** This is mentioned by the Oblivion NPC Else God Hater, a [[spoiler:Daedra Lord worshiper]]. "The gods don't do a damn thing. Do they even exist? How could anyone tell? Daedra Lords, sure. They exist. They do things. Bad things, mostly, but things you can see. The gods? They don't do a damn thing. So why do we build big chapels and sit around and mumble, and ask them to save us from this and that? It's stupid. And chapels and priests and folks groveling on their knees, they're stupid, too."
*** The court mage in Oblivion's Cheydinhal castle asks if you worship the Nine Divines, asking rhetorically if they've ever helped or harmed the PC. She states that were the hero to worship a daedra lord, they would get results. Bad ones, but measurable results. She then states that she considers worshiping gods a waste of time, though the daedra cult of Azura are a nice, reasonable bunch.
** While not in Oblivion, in ''[[VideoGame/TheElderScrollsIIIMorrowind Morrowind]]'', you did in fact meet what is implied to be avatars of the Nine Divine (Stendarr & Mara in sidequests, Talos during the Main Quest), who reward the hero/heroine according to the action they take.
*** There are also Vivec, Sotha Sil, and Almalexia, the Tribunal, who are a trio of supposedly good {{Physical God}}s. Then again, they're not ''natural'' gods, and two of them die.
** In ''[[VideoGame/TheElderScrollsIVOblivion Oblivion]]'' you see the [[spoiler: Avatar of Akatosh when he comes to defeat Mehrunes Dagon, but only after Martin sacrifices himself to call on its power]].
** ''Oblivion'' and ''Morrowind'' drop huge metaphysical bombshells on this subject. As it turns out [[spoiler: the world as you know it is possibly Lorkhan's daedra realm, therefore men, elves, the missing dwarves and all animals or monsters, you're probably all daedra. Daedra have unearthly and demonic connotations, but only because people are ignorant of the fact that they and the animals or monsters that live around them are likely the metaphysical equals of the 'demons' that live in other realms. Hell, there are extremely "human" daedra and the magic of men and daedra are not only equivalent but work based on the same fundamental rules. The "gods" or Aedra do exist, or at least one of them does, and the story goes that most were daedric servants who rebelled against the realm's trickster creator god. The person who floats the idea seems ignorant about a lot of metaphysical trivia, is somewhat bonkers, might be lying due to his being a villain, and is unsupported by any other source on TES cosmology, thus probably meaning he's wrong about this]].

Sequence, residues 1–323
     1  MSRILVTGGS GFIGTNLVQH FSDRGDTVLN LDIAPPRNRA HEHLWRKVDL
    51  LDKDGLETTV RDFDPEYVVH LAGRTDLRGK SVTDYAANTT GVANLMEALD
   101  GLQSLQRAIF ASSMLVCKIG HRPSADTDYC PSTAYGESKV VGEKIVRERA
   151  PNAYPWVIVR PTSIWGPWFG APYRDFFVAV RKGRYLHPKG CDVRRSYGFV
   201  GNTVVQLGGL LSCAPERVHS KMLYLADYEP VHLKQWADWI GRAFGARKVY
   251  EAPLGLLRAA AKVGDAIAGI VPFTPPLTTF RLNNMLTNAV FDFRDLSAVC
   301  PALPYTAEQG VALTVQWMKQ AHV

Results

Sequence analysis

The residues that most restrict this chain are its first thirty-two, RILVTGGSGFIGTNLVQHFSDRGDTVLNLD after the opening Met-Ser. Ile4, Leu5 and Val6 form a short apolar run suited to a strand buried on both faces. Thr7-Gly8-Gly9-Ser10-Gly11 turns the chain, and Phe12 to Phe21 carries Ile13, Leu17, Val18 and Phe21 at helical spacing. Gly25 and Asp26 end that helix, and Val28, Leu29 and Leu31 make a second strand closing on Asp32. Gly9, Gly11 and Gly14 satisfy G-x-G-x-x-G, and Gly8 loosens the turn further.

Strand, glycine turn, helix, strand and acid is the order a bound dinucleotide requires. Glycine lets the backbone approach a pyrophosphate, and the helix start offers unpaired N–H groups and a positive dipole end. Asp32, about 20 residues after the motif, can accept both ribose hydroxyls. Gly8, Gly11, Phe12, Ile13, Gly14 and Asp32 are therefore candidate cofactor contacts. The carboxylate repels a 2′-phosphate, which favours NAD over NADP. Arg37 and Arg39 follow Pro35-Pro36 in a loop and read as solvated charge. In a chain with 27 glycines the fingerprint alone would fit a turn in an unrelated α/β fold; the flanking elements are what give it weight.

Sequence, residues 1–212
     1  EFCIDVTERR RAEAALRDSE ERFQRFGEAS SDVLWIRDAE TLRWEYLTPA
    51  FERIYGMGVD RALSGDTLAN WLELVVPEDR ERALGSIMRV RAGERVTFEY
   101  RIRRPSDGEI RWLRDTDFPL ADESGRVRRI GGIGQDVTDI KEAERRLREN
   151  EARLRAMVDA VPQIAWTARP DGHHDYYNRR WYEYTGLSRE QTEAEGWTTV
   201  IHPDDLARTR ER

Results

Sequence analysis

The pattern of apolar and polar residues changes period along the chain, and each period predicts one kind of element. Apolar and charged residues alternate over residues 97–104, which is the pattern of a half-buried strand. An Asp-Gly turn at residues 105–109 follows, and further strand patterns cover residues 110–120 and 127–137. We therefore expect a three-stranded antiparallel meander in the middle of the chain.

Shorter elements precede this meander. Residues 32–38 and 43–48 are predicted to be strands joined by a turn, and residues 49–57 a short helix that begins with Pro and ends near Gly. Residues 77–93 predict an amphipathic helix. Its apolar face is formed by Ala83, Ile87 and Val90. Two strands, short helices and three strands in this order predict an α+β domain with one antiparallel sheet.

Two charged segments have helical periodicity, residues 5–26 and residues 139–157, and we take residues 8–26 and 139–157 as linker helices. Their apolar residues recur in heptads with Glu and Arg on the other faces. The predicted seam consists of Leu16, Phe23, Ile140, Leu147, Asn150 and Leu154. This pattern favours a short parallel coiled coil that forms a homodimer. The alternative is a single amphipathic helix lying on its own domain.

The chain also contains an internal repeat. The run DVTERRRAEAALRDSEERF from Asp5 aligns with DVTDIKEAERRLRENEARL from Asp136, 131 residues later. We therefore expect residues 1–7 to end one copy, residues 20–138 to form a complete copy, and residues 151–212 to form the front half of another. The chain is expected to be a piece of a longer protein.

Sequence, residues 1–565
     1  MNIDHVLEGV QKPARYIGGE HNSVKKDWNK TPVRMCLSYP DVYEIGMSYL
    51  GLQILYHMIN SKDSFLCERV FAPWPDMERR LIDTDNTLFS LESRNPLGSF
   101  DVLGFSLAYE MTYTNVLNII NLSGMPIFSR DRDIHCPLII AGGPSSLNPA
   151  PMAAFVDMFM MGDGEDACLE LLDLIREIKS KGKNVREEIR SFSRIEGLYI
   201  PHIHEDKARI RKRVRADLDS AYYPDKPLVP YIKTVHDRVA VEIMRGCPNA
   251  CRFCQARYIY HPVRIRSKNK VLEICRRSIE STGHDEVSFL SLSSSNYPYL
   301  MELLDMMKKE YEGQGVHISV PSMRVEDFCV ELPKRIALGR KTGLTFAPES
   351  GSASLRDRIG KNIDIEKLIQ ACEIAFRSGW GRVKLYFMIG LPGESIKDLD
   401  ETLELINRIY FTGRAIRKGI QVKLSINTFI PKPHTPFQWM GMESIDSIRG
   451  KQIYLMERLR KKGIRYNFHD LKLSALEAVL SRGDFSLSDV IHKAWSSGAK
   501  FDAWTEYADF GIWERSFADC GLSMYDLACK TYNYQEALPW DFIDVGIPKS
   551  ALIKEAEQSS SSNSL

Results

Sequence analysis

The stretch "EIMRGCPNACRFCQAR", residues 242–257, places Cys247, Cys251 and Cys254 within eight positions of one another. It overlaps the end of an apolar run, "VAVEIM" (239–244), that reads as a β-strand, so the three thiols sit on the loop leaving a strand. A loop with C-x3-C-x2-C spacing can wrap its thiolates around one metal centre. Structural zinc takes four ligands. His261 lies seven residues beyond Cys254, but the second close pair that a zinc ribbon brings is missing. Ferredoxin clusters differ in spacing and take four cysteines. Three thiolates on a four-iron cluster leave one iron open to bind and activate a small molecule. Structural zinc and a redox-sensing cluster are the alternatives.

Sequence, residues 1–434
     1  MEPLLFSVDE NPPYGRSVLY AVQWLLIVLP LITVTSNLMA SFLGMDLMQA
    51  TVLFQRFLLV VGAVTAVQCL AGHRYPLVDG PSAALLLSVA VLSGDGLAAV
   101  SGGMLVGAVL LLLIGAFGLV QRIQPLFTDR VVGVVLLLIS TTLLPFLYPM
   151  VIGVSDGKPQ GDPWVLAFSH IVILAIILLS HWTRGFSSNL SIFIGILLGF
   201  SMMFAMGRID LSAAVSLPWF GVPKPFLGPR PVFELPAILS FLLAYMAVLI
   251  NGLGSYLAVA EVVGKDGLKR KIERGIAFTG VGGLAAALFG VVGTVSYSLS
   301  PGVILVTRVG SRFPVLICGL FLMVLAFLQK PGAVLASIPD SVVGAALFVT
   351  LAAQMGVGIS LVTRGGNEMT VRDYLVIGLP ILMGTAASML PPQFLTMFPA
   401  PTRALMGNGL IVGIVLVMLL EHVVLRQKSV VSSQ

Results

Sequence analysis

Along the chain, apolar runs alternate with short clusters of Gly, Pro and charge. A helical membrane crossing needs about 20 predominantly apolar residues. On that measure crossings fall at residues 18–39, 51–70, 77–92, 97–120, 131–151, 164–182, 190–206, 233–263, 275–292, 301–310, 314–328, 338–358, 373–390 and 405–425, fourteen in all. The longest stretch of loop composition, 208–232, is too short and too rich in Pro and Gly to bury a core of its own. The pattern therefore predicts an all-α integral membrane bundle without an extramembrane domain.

*** In ''Morrowind'', it was stated that the Daedra are eternal and can never be destroyed. The Aedra (the nicer gods) on the other hand are terribly powerful and ageless but can perish and indeed some of their number have been slain in the past. It therefore makes sense that they would seldom intervene in worldly affairs, as it risks their existence whereas the Daedra can happily engage in whatever plots they wish knowing that any defeat will only be temporary. This seems a little more likely than the point of view espoused in Oblivion, but its hard to tell either way from in-universe sources.
*** Also in ''Morrowind'', the theory is floated that Mundus (specifically the moons Masser and Secunda) isn't just Lorkhan's realm: it's [[UsefulNotes/{{Pantheism}} Lorkhan's substance]], his own body. He died making it, and now he is one with the land everyone lives on. This might explain why his still-beating heart is stuck under a mountain. So, there's a DevilButNoGod because GodIsDead. On the upside, [[DoesThisRemindYouOfAnything God died so that we might live.]]

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* Prevalent ''Franchise/TheElderScrolls''
** This is prevalent
in ''Franchise/TheElderScrolls'' series, with the supposed conflict religious conflicts between (the adherents of) the worshipers of the [[OurGodsAreDifferent Nine Divines]] and those of the [[OurGodsAreDifferent Daedric Princes]]. The Church of the Nine Divines and is more or less a SaintlyChurch, which has been uniformly benevolent throughout the series. However, the "Divines" they worship (also known as the Aedra, which means "our ancestors" in old [[ConLang Aldmeris]]) sacrificed much of their power during the creation of Mundus, the mortal plane. As a result it has left them much weaker than the Daedra Lords. ("not our ancestors") who made no sacrifices during creation. Preferring a much lighter touch when intervening on mortal affairs, many mortals question whether the Divines even exist. The Daedra Lords, Daedric Princes, while not universally evil (some are, in fact, quite decent people, benevolent, and all tend to hold up their end of a bargain), tend to be amoral, unpredictable, sadistic and, on occasion, prone to attempting world conquest. They are universally reviled as 'evil', and their worshipers are considered misguided at best, and dangerous lunatics at worst. They ''are'', however, very much present in the world. They speak directly to their worshipers, sometimes even appearing in a physical form, and are perfectly willing to offer immediate, tangible rewards for those that choose to do their work. The Nine, on work.